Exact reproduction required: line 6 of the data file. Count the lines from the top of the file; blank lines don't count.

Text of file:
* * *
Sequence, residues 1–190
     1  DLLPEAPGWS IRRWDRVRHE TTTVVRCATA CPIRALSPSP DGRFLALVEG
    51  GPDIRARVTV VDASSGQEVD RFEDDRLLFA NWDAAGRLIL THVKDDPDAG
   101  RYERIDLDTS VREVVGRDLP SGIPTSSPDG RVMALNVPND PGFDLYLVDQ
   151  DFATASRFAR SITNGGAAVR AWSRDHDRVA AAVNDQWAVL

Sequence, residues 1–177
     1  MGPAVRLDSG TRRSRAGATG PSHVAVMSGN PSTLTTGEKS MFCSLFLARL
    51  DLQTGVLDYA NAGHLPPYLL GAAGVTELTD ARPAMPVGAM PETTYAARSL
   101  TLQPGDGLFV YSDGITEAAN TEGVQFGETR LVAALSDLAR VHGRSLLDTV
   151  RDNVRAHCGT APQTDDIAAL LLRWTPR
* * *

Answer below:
Sequence, residues 1–177